Was it a success? Financially not especially, but it was reviewed well and nominated for a Grammy.
Bula Quo! (2013)
Musical talent: Status Quo
What’s the story? After 50 years and 100 singles, the ‘Quo finally make a film. Few people notice. Weirdly, it isn’t a concert movie or a career retrospective of any sort. Instead, it’s an action-comedy about the band witnessing a murder in Fiji and going on the run with some evidence after stumbling upon a black-market human organ trafficking operation run by Jon Lovitz.
Was it a success? Well, it was terrible obviously, but it was only ever intended as a laugh, so most critics were disinclined to treat it too unkindly. Francis Rossi and Rick Parfitt were repeatedly sort-of praised for being “game” – if not very good.
Cool As Ice (1991)
Musical talent: Vanilla Ice
What’s the story? Short-lived ‘90s commercial rap phenomenon Robert Matthew Van Winkle (AKA Vanilla Ice) plays motorbike-riding rapper Johnny. He starts a relationship with student Kathy (Kristin Minter) just as her father’s life in witness protection is discovered by the crooked cops he testified against. Kathy’s younger brother is kidnapped. Ice has a beef with Kathy’s boyfriend Nick. Yada yada.
Was it a success? No – it arrived too late to capitalise on Ice’s brief time in the sun. It cost $6m to make and barely brought in $1m at the box office, opening in 14th place in its first week. That was nine places below Ernest Scared Stupid, if you want some context. The album that went with it only got to number 89 on the billboard chart.
Give My Regards To Broad Street (1984)
Musical talent: Paul McCartney
What’s the story? Apparently keen to re-stretch his acting muscles 20 years on from The Beatles films, McCartney came up with this meandering misfire. Scenes of him and Linda going about their daily musical business are framed by a very slight narrative about the theft of some master tapes by a supposedly reformed criminal pal. Macca sits in a car and wonders where they are. Then he goes to Broad Street Station because he remembers something. And finds them. The end.
Was it a success? Not particularly, but the album that went with it did respectably well. The supporting short in theatres was the animated Rupert And The Frog Song, featuring McCartney’s unlikely hit We All Stand Together. That won a BAFTA.
Under the Cherry Moon (1986)
Musical talent: Prince
What’s the story? Purple Rain had been a massive hit, so Prince got to both direct and star in this misguided $12m prestige project for Warner Bros. He plays a gigolo with a lucrative scam swindling French women. One such mark is Kristin Scott Thomas, who has a $50m trust fund, but he falls in love with her and has to face the disapproval of her father, Steven Berkoff.
Was it a success? No. It was beset by production problems like the firing of original female lead Susannah Melvoin, and it didn’t make its budget back on release, despite MTV plugging it to death. Its soundtrack Parade, however, was a barnstormer and sold in the millions.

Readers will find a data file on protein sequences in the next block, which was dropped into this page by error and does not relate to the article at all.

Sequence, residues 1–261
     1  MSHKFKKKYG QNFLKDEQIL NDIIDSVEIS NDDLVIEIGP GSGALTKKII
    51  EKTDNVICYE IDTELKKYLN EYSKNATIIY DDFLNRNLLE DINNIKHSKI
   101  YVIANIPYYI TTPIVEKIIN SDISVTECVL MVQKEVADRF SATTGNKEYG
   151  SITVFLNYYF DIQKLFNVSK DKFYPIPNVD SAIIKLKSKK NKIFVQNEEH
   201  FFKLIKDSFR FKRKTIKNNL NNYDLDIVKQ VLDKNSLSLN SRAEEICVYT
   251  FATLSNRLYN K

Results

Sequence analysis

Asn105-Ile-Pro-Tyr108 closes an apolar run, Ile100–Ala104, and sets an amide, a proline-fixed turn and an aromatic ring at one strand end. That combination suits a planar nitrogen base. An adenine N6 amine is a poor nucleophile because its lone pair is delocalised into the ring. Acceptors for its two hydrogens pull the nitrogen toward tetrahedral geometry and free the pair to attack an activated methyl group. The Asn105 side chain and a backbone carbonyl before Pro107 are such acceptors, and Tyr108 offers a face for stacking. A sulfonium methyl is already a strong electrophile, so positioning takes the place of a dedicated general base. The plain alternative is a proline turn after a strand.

Kiss Meets the Phantom of the Park (1978)
Musical talent: Kiss
What’s the story? Ahem. Mad engineer Anthony Zerbe is turning people into cyborgs for his Magic Mountain amusement park. His boss siphons away some of his funding to pay for a Kiss concert. Zerbe is displeased. He makes a destructive robot Gene Simmons to frame the real version for vandalism, and then recreates the rest of the band to incite a riot from the stage. The real Kiss fight their doppelgangers, save the day and play 'God Of Thunder'.
Was it a success? It was a TV movie for NBC, so box office wasn’t a concern, and it aired at the height of Kiss’ fame so would have pulled in some lucrative advertising. But it was basically ridiculed from far and wide; laughed off-screen even by the band’s fans. Embarrassed, the band disowned it and forbade their staff from ever mentioning it again. It’s basically the Star Wars Holiday Special of the Kiss back catalogue.
Cradle of Fear (2001)
Musical talent: Cradle of Filth
What’s the story? A no-budget horror anthology directed by gorehound Alex Chandon, capitalising on his relationship with the black metal loons (he’d previously shot their twisted video for 'From The Cradle To Enslave'). Singer Dani Filth stars in the wraparound segments as a serial killer working for his mad father. The rest of the band pop up here and there in other roles. Story segments involve a monster exploding out of Emily Booth; a botched robbery of an old man who won’t die; and an amputee who murders someone to steal his leg.
Was it a success? It’s pretty ropey – Filth can scream but he can’t act – but it can’t have cost much, so it probably did relatively well eventually. The release was a farce and a half though. Confident that they’d be too extreme to get an 18 certificate, Chandon’s minions offered the film as a mail order VHS shipping from outside the UK to circumvent the BBFC – charging well north of £20 per tape. And then the BBFC passed it uncut, with a chippy message to “try harder next time”. Within weeks you could get it for a fiver on DVD in the Blockbuster bargain bin. Red faces all round.